• upfront payments to the swap counterparty are funded by unitholders' own subscription monies, since part of the proceeds raised in the initial public offering (IPO) of the REIT is used to pay the upfront payment to the swap counterparty. As such, part of the distribution from the REIT during the life of the swap is effectively a return of capital, rather than out of operating profit of the REIT; and
      • if there is a significant decline in rental income or a major economic downturn in the later years of the interest rate swap, distributions from the REIT may decline substantially due to higher finance costs as a result of the "step-up" structure. In a worst case scenario, there may not be any distributions from the REIT and the REIT's ability to service such finance costs may be adversely affected.
  • What is distribution entitlement waiver? What is the benefit to me as a REIT unitholder?

    The vendors of the properties sold to a REIT may sometimes subscribe for and retain some units in the REIT. In some cases, such vendors may also enter into distribution entitlement waiver arrangements under which they waive all or part of the distributions due to their units for a limited period of time. Such amounts waived will then be made available for distribution to other unitholders so that the distributions per unit to other unitholders will be enhanced.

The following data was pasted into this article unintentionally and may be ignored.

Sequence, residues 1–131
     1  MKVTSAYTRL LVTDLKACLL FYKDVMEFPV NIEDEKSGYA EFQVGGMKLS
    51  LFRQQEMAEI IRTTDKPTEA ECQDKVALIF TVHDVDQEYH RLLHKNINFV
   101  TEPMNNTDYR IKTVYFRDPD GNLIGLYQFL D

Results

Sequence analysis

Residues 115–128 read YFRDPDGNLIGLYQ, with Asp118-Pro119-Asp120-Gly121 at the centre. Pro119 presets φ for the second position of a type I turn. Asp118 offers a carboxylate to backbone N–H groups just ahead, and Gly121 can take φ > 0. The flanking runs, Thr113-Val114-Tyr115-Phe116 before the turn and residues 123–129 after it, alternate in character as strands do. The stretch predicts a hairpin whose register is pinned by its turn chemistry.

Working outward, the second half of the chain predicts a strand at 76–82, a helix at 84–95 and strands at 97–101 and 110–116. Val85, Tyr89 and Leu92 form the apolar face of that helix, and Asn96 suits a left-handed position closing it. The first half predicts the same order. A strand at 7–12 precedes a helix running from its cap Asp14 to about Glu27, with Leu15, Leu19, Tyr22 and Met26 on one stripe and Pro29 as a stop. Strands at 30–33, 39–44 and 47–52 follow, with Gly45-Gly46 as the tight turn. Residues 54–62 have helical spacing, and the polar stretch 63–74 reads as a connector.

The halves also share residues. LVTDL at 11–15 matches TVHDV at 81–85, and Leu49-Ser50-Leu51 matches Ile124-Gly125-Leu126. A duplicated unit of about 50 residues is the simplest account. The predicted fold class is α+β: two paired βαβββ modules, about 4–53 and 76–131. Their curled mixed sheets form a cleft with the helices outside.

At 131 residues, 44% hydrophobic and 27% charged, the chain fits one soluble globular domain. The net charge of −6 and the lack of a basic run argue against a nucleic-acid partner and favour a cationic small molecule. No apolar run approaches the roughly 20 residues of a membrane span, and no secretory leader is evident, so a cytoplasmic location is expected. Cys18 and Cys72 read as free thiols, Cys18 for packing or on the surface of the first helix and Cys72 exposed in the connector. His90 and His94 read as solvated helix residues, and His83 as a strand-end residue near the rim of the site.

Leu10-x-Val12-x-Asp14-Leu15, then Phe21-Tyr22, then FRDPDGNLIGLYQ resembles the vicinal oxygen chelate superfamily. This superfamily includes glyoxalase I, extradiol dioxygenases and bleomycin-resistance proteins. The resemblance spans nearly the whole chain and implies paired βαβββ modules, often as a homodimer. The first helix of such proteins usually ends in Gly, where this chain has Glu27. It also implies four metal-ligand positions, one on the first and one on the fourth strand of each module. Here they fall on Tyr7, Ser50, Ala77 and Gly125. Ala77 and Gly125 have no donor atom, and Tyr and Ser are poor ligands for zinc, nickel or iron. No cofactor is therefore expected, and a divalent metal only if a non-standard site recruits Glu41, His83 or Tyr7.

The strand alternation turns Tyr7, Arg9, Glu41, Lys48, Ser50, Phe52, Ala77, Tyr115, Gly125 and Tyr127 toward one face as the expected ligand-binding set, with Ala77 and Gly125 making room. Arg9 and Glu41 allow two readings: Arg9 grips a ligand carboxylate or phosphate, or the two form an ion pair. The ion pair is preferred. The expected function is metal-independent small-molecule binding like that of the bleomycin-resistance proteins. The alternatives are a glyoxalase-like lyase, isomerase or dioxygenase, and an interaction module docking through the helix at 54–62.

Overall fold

Distribution entitlement waiver is another short-term measure for yield enhancement. Hence, the distributions and trading price of the REIT may be adversely affected when the waiver period ends. Further, if the income of a REIT declines over the distribution entitlement waiver period, distributions to unitholders may still fall notwithstanding the waiver arrangement.

  • If there is a downward property revaluation, what are my risks in addition to decline in net asset value and market value of the REIT units?

    A REIT has to comply with the relevant gearing ratio stipulated in the Code on REITs and certain financial covenants stipulated in a REIT's borrowing agreement. Both the gearing and financial covenants are referenced to the valuation of the properties from time to time. Therefore in the event of a downward property revaluation, a REIT may not be allowed to pay distributions to unitholders under the covenants of the loan documents.

  • What is a hotel REIT?

    A hotel REIT is a REIT that invests in a portfolio of hotel properties and generally leases the hotel properties to a lessee for a fixed term at predetermined rates under a lease agreement. As a result, the hotel REIT receives rental income from the lessee and is not involved in the running of a hotel business. The lessee will appoint a hotel manager to manage the day-to-day operation of the hotels under a hotel management agreement.